“This is one of those ads you want to watch over and over because every time you watch it you find another layer of funny. The grandma kissing the young man and the hula hooping dog!” Mackereth pointed out.

Meanwhile Ogilvy’s Lisa Bright said, “What was that? I don’t know but I love it. The absurdness and the commitment.”

And David’s Jason Wolske said: “Funny. Random. Entertaining. Easy to understand what the brand is doing.”

5. PlutoTV, Couch Potato Farms by Haymaker

Score: 3.67

PlutoTV’s Couch Potato Farms amused creatives who expressed satisfaction with the unusual premise and concept of the spot. Several described the spot as “fun” and “clever” with smart execution.

“As a couch potato, I can say I relate to this ad deeply. Love how they played off the traditional seriousness of farming and juxtaposed it with the funny of growing couch potatoes.”  – David Mackereth

“Another contender due to the clever premise, great writing and fun integration of the product. Nice entry from Pluto” – Desmond “Dez” Marzette

6. Kawasaki, Mullets by Goodby, Silverstein & Partners

Score: 3.63

Kawasaki’s ad made the top 10 because of what creatives deemed as an unexpected and fun twist for the brand with the visual token of a mullet. According to creatives, the mullet encapsulates the tagline “Business in the front, party in the back” oddly well. The nostalgia element was also a plus.

“Mullets! What I love about this ad is that even if you’re watching at a loud party, it’s incredibly visual. Who doesn’t love seeing a cute lil’ turtle grow a rad mullet? The business in the front, party in the back end line perfectly sums up the product and mullet attitude of the entire spot. I’m ready to grow a mullet now…again.” – David Mackereth

“When the mullets first appeared, I was hooked. Instant smile. Stone Cold was a great cast addition, and the tagline was *chef’s kiss*.” – Desmond “Dez” Marzette

“The turtle is a nice touch!” – Leeann Leahy, CEO, The Via Agency

7. BMW, Talkin’ Like Walken by Goodby, Silverstein & Partners

Score: 3.60

Aside from being funny, creatives felt BMW’s Talkin’ Like Walken cleverly connected a celebrity to the product while asserting that there’s only one original. While the Usher cameo seemed a bit jarring, creatives agreed the spot was fun.

“This is a smart way to connect the celebrity to the product, taking one of the most imitated celebs and comparing that to BMW and how there’s only one true original.” – David Mackereth

“We’ve seen Walken in commercials before, but this made me laugh. I don’t think Usher was necessary and that end bit, [that] felt like a bit of a stretch, but fun overall.” – Lisa Bright

“Great celebration of the brand heritage with the brand line revision, and memorable and purposeful casting.” – Desmond “Dez” Marzette

8. BetMGM, Tom Has Won Enough by HighDive

Score: 3.53

BetMGM broke the mold by changing the format of a typical ad and breaking the fourth wall while picking fun at Tom Brady in a relatable way, according to creatives. Cleverly including Brady in the Super Bowl in the first year of his retirement, BetMGM’s concept is something people feel unified in — Tom Brady, give somebody else a chance.

“Love that it broke the format.” – Lisa Bright

“Great use of celebrity casting and connecting the player insight to the product in a very clever way.” – Desmond “Dez” Marzette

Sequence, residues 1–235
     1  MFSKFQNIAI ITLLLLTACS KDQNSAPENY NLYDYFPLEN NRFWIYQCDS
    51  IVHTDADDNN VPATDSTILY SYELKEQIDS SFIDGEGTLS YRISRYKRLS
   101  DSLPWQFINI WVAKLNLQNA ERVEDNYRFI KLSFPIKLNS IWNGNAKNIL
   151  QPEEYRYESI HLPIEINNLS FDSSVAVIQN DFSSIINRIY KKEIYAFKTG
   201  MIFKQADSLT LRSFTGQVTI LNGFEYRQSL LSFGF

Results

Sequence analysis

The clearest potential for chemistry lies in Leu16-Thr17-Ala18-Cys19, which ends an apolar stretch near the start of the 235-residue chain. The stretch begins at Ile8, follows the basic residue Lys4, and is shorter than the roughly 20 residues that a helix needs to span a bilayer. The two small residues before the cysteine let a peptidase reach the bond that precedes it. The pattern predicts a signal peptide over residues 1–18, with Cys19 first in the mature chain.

9. Etsy, Try Gift Mode on Etsy by Orchard

Score: 3.50 

While creatives lamented the fact that Etsy’s full spot couldn’t air during the broadcast, they praised the fact that the ad was memorable, different and funnier than Etsy’s other work so far. Leaders praised the writing, concept, storytelling and craft.

“Memorable and funny, and definitely high in the craft department. Great storytelling and inventive product integration.” – Desmond “Dez” Marzette

“Unexpected, great copy. Great craft. Shows exactly what makes Etsy so great.” – Jason Wolske

10. MTN Dew, Having A Blast by Goodby, Silverstein & Partners

Score: 3.30 

MTN Dew’s spot was a “blast” which smartly “put the name of the product in the line repeated over and over” Mackereth said the Baja Blast spot.

While the ad progressively gets more complicated, the tag line is simple, making the spot memorable, creatives agreed.

Meet the jurors

  • Lisa Bright, chief creative officer, Ogilvy California
  • Desmond “Dez” Marzette, executive creative director, Sports and Lifestyle Group, TBWA\Chiat\Day LA
  • Ross Martin, president and co-founder, Known
  • Leeann Leahy, CEO, Via
  • David Mackereth, SVP, group creative director, Digitas
  • Sinan Dagli, executive creative director, BSSP
  • Myra Nussbaum, president and chief creative officer, Havas Chicago
  • Terrence Burrell, executive creative director, Quantasy + Associates
  • Toygar Bazarkaya, chief creative officer, 22squared
  • Jason Wolske, executive creative director, David Miami

The criteria


  • Originality: How unique and innovative is the concept? Does it break away from clichés and offer a fresh perspective?
  • Relevance: How well does the idea align with the brand’s identity and the target audience? Is it timely and culturally relevant?
  • Memorability: Will the audience remember the brand and the concept long after the ad airs? Does it have the potential to leave a lasting impression?


  • Execution: How well is the idea translated into visual and auditory elements? Are the production values high, reflecting attention to detail?
  • Storytelling: How effectively does the ad tell a story? Is the narrative compelling and engaging? Does it capture and maintain the viewer’s interest?
  • Technical Excellence: Assess the technical aspects such as cinematography, sound design and special effects. Does the execution demonstrate mastery of the craft?

Touchdown factor:

  • Emotional Resonance: To what extent does the ad evoke emotion? Does it connect with the audience through humor, nostalgia or other sentiments?
  • Brand Integration: How does the spot take advantage of the biggest brand stage of the year? Does it enhance the brand’s overall message without feeling forced or disconnected?
  • Impact: Does the ad leave a positive, celebratory impact on the viewer? Does it contribute to the overall enjoyment of the Super Bowl experience?